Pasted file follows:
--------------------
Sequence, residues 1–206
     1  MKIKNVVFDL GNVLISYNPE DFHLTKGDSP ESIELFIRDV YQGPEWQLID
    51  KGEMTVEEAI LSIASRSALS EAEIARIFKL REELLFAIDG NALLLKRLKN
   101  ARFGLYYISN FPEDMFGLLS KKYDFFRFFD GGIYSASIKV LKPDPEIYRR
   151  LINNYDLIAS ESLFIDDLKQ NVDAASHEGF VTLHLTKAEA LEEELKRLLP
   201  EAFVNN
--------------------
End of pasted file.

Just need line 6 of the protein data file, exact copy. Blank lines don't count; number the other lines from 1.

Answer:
   201  EAFVNN